"Think you can catch it?" she asked. Harry nodded. She let it go, and Harry's hand snapped out almost instinctively; he saw she was reaching for it too, and knew that she didn't believe he could -- but that didn't matter, because his hand was already around the small golden ball, fingers crushing one wing slightly.
The students were looking at each other in surprise. The girl almost tumbled backwards out of shock.
Professor Snape was staring down at him.
"Give her back the Snitch, Parvus," he ordered. Harry held out his hand and let the girl, righting herself, take it from his fingers.
"Chasers, your passing skills require improvement," Snape announced, while the students exchanged looks. "You will practice again tomorrow evening, after dinner. Beaters, know your vectors; Keeper, attempt to prevent a few goals next time. Seeker..." he turned to the girl, who was repeatedly releasing the Snitch and re-capturing it, as if to test her reflexes. "Try and make sure you can beat an eight-year-old child to the Snitch, if you please."
She flushed crimson, and Harry saw a sudden look of hate wash over her face, directed at him.
Then the players were turning to leave: talking, shoving, whacking each other across the backs of legs with their brooms. Harry, following at Professor Snape's side, had a moment where he wanted nothing more than to be a member of the Slytherin House Quidditch team, and wear a glittering green robe and leather gloves, and get told he was a bastard by his captain, or get his hair pulled by the Seeker.
But then, out of the corner of his eye, he saw a mass of red, and he turned.
There was another team gathering on the Pitch, in scarlet and gold, talking and laughing together, one of the players obviously demonstrating a new trick -- his broomstick spiralling almost straight up, the player himself only clinging by his hands and tightly clenched knees. One of them had his arm slung around one of the girls, and the remaining players were showing a very young-looking boy how to capture a Bludger.
"Who're they?" Harry asked, pointing. Professor Snape took his wrist, lowering his hand.
"Gryffindor," he said, with loathing. "Come along."
"My parents were in Gryffindor, weren't they?" Harry asked, turning to look as Snape led him forward.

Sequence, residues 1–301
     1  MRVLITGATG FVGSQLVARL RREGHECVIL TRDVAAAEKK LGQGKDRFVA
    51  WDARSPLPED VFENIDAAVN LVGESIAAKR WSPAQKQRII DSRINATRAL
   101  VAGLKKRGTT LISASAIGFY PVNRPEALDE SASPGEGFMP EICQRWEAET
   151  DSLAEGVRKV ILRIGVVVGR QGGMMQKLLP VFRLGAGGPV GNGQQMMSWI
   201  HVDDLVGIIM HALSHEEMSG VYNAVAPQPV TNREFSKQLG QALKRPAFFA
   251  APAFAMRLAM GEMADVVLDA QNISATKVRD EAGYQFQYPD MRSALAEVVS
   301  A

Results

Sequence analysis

"As well as the pair of incompetents now looking after you," Professor Snape said. Harry scowled, but he remembered Moony's admonition to be polite.
They left the Slytherin team at a shed near the Pitch, and made their way back to the castle. Now that he could spend several minutes looking at it, Harry took in every detail -- the turrets, the gates, the narrow windows crowned with gargoyles and high carved arches.
Professor Snape had to speak to some of the other teachers, and he couldn't, as he pointed out, leave a child to his own devices, especially in a Potions workshop, so he took Harry along. It wasn't exactly a guided tour, but Harry generally got succinct if curt answers to his questions, and he got to see a good deal of the school. Professor Snape had to carry him up one staircase, as his legs wouldn't stretch to go up three steps at a time, and the steps inbetween, the Professor explained, were only half-real.
Another staircase started to move while they were on it, and Harry very nearly fell over from excitement.
By the time they'd picked up a book from Professor McGonagall, left a packet of strange green powder off for Professor Flitwick to use in class the following day, and quickly hidden from Professor Trelawney -- Harry didn't blame Snape for a moment, she looked decidedly frightening -- it was nearly dinnertime.
"You will eat in the Great Hall, with the students," Professor Snape said, as Harry followed him towards the front of the castle. "Find Alexander Lestrange, you met him this afternoon, he's the brown-haired boy from the Quidditch practice. He is to watch over you and make sure you don't break anything."
Harry thought the last was rather unfair, as he hadn't broken anything all afternoon, but he opened his mouth to agree as they entered the Great Hall -- and then the grandeur of the seemingly-roofless, enormous, table-lined hall drove all thought of speaking from his mind.